Bonuses flow at LCRA, especially at the top



Highlights

Ten executives at top of nonprofit utility earned about $440,000 in bonuses in 2015.

Utility officials say pay reflects turnabout at river authority.

Pay of General Manager Phil Wilson appears in keeping with industry norms.

By any measure, Phil Wilson’s bosses at the Lower Colorado River Authority think he’s doing an excellent job.

In performance evaluations, board members say the utility’s general manager, who oversees water and power for more than a million Texans, has steered the river authority through turbulence to clearer skies, renegotiating contracts with key electricity customers, shepherding a reservoir project to construction and straightening out the utility’s finances.

And to show their appreciation, they have awarded him a $112,500 bonus this year, on top of his $495,000 salary.

In total, LCRA’s 10 senior executives – all white men, overseen by a 15-member all-white board – earned about $440,000 in bonuses in 2015, up from about $155,000 in 2014, according to bonus and pay information obtained by the American-Statesman through open records requests.

The executive bonuses exceed most salary boosts at other state-created agencies – the Statesman reported in October that about 78,000 state workers in recent years have received more than $270 million in bonuses – and appear to be at the upper end of the pay scale for executives at utilities in Central Texas.

LCRA officials say the bonuses and hikes in base pay, which have also been granted to rank-and-file employees, reflect the agency’s turnaround. All told, the bonuses amounted to $4.2 million.

When Wilson, a member of former Gov. Rick Perry’s circle and onetime official at Texas electric generator Luminant, was hired in 2014, the river authority was battling a revolt of its electric customers, some of whom ended their contracts rather than pay above-market wholesale power rates.

“The viability of LCRA was in question,” said LCRA spokesman Bill Lauderback, who said Wilson went about refinancing debt and reducing wholesale rates.

“We’re highly competitive in the marketplace and now seeking new customers,” Lauderback said. “It’s a turnaround story, and Phil deserves credit for it.”

As for the diversity issue, Lauderback said: “We’re all cognizant of it. Phil was looking for people that he knew personally, people he knew that had the professional capabilities to address serious problems. Having said that, do we need diversity on our executive team? Most definitely, and we hope to achieve that.”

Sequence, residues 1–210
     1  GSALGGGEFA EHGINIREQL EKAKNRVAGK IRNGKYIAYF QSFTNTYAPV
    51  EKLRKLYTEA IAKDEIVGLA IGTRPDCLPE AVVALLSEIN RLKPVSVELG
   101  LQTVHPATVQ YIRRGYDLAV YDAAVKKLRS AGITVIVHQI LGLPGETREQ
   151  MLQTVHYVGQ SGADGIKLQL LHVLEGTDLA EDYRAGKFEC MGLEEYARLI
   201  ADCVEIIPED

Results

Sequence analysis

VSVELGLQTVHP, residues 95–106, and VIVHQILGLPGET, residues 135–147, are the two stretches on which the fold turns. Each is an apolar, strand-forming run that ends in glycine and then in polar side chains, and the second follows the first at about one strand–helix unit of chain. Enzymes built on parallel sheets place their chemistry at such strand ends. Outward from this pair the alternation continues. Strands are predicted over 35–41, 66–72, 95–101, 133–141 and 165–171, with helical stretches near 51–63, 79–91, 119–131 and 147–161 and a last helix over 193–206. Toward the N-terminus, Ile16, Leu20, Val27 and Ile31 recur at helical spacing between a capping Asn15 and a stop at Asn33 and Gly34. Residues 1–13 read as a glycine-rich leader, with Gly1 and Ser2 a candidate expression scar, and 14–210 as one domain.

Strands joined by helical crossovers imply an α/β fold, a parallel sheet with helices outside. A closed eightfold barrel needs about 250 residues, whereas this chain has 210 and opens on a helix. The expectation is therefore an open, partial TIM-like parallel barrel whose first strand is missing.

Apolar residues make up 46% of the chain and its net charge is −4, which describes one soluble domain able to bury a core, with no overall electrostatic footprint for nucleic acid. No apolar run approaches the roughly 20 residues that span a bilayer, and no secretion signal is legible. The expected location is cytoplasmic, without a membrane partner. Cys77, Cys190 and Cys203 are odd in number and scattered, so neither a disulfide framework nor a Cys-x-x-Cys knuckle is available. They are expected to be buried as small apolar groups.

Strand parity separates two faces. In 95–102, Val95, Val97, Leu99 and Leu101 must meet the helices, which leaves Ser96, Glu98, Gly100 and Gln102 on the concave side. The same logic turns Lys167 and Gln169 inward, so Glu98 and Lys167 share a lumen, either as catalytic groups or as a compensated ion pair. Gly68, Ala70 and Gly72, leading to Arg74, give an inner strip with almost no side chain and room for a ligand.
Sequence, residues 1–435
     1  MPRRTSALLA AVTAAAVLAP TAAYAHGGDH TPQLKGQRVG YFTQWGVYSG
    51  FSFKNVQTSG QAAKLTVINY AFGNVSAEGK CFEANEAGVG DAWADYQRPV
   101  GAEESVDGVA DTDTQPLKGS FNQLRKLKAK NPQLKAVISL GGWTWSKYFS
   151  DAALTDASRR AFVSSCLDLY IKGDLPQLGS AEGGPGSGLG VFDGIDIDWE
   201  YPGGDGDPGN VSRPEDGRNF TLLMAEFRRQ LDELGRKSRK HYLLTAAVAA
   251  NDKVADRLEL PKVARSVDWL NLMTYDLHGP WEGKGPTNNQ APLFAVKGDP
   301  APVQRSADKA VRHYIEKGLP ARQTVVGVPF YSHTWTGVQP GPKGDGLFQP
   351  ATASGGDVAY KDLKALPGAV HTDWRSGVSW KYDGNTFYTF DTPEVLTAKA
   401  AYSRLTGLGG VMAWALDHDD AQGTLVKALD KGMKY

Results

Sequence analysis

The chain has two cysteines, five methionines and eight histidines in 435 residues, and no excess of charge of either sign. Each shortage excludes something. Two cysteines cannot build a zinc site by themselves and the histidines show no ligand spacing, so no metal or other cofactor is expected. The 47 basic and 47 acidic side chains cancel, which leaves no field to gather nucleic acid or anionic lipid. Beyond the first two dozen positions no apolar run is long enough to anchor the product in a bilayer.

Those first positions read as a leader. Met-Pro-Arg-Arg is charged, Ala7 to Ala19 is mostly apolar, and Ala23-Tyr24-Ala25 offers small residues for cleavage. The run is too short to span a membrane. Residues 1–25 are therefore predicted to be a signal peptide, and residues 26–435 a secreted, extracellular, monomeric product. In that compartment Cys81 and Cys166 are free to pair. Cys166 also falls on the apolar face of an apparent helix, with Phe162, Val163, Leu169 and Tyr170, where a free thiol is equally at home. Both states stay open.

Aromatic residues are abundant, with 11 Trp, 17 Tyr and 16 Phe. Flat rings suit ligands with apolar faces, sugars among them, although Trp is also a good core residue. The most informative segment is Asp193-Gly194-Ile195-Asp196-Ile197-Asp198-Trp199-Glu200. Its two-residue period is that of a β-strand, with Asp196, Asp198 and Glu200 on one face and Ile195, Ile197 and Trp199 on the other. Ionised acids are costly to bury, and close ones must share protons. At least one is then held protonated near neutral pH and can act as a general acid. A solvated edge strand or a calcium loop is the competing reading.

Of the 34 managers below the senior ones that directly report to Wilson, 15 are women, one of whom is African-American.

The LCRA is a strange animal — a water- and electricity-producing utility created by the state, one that relies on its rates and fees to cover its operating expenses and gets no state appropriations — making payroll comparisons difficult.

Even as executive salaries at LCRA appear in line with industry norms, bonuses were on the high end compared to other Central Texas utilities that are serving fast-growing areas. The top bonuses last year at Pedernales Electric Cooperative, a retail electric utility that is LCRA’s largest wholesale customer, for example, were each under $20,000. Bluebonnet Electric Cooperative, another LCRA customer, has had at least three executives earn bonuses greater than $40,000 — including the general manager — and another three earning more than $20,000.

The escalation of the bonuses at LCRA recalls controversy at Wilson’s last job, as head of the Texas Department of Transportation. In 2012 the Statesman found that after Wilson took over, the average salary of TxDOT’s 10 highest-paid workers jumped 21.4 percent above that average a year earlier; the top three salaries were 42.5 percent higher.

Continuing work by his predecessor, Becky Motal, Wilson has trimmed the utility’s staff: Since he took over, just over 80 people have left, largely through involuntary layoffs, saving the company $5.4 million annually, according to LCRA. He has been something of a rainmaker to those who have remained: Companywide, the $4.2 million in bonuses was divvied up among 1,186 employees in 2015, or an average of $3,500 per employee. The amount was up from $3.3 million across 1,178 employees in 2014.

Wilson’s base salary also rose from $450,000 in 2014 to $495,000 in 2015. And he got a car allowance of $750 a month. His executive staff saw similar raises in pay: The pay of Wilson’s assistant, Clint Harp, went from $110,000 to $127,400; auditor Charlie Johnson’s pay went from $189,262 to $225,000. The chief financial officer’s salary increased from $280,000 to $303,680.

To decide Wilson’s bonus, the board reviews comparable market data. The river authority says it does not use predetermined criteria but provides discretionary awards to all employees based upon individual performance.

Wilson, who makes pay decisions for his executive staff, determined they “consistently rated as achieving outstanding results” in an evaluation.

But Wilson himself has won highest praise. In an Aug. 19 memo, board members, who are appointed by the governor, said they had a “very high regard” for his “results-oriented leadership style.”

“Hallmarks of his leadership are his personal integrity, innovative problem solving acumen and ability to manage multiple high priority projects,” said the memo.

LCRA board chair Tim Timmerman said that Wilson has “done an outstanding job getting our financial house in order.” The only thing Wilson can’t take credit for, he said, is filling up the lakes.



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